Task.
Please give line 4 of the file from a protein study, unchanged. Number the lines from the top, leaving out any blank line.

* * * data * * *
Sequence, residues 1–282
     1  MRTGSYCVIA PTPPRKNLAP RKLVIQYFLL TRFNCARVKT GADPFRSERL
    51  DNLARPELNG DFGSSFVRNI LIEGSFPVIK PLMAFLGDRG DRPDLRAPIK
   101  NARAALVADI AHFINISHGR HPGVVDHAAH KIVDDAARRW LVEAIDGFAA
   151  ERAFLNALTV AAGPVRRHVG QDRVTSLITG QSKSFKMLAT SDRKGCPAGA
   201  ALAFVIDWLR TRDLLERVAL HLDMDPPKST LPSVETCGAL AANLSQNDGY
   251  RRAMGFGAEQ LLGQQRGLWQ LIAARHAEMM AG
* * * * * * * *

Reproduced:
   101  NARAALVADI AHFINISHGR HPGVVDHAAH KIVDDAARRW LVEAIDGFAA